RISK ASSESSMENTS

Planned, written risk assessments are vital to reduce the chances of incidents at sea. They are also a legal requirement. 

A risk assessment identifies dangers specific to your vessel and explores how these risks can be proactively reduced or removed, helping you to put in place measures to keep you, your crew, and your vessel safe. 

It’s important that you regularly conduct written risk assessments and go through them with your crew to ensure they understand them and keep them on board and up to date at all times.

“Prevention is better than cure and the biggest lifesaver is to stay on board the boat at all times.”

John Clark, vessel owner and skipper, Scotland.

Benefits of written risk assessments

  • It is your responsibility to take care of yourself and the safety of others.
  • The implementation of ILO 188 means that risk assessments are a legal requirement on fishing vessels of all sizes. Vessel owners must ensure that suitable and sufficient risk assessments have been carried out and are documented for all work activities on the fishing vessel.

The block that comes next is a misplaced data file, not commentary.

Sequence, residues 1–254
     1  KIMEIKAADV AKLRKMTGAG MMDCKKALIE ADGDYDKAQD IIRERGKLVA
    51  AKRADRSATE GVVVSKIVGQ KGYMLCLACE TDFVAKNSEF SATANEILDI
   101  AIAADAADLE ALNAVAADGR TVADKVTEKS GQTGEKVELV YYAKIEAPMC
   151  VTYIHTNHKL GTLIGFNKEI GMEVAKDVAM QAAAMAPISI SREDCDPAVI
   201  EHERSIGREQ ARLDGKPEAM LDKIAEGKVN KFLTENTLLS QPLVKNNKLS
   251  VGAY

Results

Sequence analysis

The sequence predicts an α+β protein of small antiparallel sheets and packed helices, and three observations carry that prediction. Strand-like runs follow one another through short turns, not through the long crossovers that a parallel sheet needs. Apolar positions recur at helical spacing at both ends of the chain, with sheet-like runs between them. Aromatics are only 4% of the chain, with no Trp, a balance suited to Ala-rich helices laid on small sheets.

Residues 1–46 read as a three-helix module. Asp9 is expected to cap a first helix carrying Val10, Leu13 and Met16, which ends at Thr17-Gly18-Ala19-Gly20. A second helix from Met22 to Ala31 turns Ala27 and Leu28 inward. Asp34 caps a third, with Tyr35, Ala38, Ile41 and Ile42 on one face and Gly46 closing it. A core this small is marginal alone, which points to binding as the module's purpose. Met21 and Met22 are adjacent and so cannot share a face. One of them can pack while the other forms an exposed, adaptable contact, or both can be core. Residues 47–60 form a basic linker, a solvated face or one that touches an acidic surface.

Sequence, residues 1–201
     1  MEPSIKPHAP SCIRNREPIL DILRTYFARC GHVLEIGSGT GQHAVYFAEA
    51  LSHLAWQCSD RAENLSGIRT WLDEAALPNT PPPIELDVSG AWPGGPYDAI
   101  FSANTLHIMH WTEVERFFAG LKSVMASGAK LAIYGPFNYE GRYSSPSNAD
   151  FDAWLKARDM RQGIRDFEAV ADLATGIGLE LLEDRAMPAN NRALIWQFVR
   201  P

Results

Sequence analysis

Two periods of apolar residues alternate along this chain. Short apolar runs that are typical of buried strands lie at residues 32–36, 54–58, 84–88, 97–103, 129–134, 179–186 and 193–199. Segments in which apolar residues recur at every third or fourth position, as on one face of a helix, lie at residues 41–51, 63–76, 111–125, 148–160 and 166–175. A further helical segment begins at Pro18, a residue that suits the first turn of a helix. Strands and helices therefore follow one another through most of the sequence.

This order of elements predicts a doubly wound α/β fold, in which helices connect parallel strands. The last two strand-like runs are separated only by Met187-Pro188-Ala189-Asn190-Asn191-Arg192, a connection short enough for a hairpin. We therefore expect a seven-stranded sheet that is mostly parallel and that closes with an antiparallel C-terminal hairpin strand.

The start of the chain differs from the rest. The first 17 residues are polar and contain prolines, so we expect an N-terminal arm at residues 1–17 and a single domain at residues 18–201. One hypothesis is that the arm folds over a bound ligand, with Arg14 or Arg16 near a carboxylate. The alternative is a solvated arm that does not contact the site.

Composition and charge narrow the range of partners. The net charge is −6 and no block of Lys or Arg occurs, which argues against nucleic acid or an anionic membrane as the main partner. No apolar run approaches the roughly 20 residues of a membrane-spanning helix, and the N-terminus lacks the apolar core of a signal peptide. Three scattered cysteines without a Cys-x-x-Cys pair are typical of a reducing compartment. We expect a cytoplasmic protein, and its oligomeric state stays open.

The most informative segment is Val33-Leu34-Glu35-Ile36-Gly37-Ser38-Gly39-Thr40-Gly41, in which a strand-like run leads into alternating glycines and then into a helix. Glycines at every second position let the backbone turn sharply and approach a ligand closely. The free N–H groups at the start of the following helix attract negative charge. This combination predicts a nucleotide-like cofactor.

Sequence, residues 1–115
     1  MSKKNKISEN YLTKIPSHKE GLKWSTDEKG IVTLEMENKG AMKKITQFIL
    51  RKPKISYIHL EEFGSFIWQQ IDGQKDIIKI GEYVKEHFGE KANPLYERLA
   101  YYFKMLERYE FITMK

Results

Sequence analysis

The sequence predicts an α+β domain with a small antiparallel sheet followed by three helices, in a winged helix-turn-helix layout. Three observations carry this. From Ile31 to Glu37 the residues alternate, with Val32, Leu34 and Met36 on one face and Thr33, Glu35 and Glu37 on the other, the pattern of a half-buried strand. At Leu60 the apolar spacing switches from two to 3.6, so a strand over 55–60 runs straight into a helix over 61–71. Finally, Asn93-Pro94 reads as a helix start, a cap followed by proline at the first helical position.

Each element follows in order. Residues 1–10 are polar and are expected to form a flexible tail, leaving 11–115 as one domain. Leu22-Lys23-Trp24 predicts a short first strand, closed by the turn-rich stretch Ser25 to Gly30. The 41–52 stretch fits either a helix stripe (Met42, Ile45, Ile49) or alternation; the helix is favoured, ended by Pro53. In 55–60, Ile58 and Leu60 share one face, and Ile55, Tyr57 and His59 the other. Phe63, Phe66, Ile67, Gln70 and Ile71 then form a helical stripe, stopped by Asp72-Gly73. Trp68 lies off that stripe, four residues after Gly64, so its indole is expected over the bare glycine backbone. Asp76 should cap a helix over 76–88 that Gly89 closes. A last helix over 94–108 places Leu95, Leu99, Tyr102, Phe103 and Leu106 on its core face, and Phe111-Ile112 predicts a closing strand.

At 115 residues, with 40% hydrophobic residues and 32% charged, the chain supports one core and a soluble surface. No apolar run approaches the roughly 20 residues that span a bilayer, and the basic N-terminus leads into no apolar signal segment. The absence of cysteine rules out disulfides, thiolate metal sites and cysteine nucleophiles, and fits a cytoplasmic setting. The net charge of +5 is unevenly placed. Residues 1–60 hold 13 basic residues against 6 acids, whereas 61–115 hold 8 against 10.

• Risk assessments are the best way to gain an understanding of the hazards on your vessel. The following sequence should be undertaken to assess potential hazards:
  1. Decide who might be harmed and how
  2. Evaluate the risks and identify appropriate control measures
  3. Record your findings
  4. Review your risk assessment and update it.

Top tips

  • Sign up to the Safety Folder, where you can download free risk assessment templates. 
  • Walk around your vessel, noting the risks and finding ways to mitigate them.
  • Get your crew to also contribute to the risk assessment, they may know of risks that a skipper/owner hasn’t appreciated.
  • Ensure all members of the crew are familiar with the risk assessment and are aware of the risks on board the vessel.
  • Review and update your assessment every year, every time you make any modifications to your vessel or how you and your crew work, or when you have an accident.

Watch more safety videos

Are you signed up to the Safety Folder? It offers:

Sign up today

What you say

John Clark, Scottish skipper and vessel owner, shows us the steps he takes to reduce the risk of falling overboard when putting out mooring ropes.

Brian Chambers, crab and lobster fisherman from Northern Ireland, explains the importance of standing clear when shooting gear.

John Clark, Scottish skipper and vessel owner, discusses how he manages the hazard of trawl wires on the deck.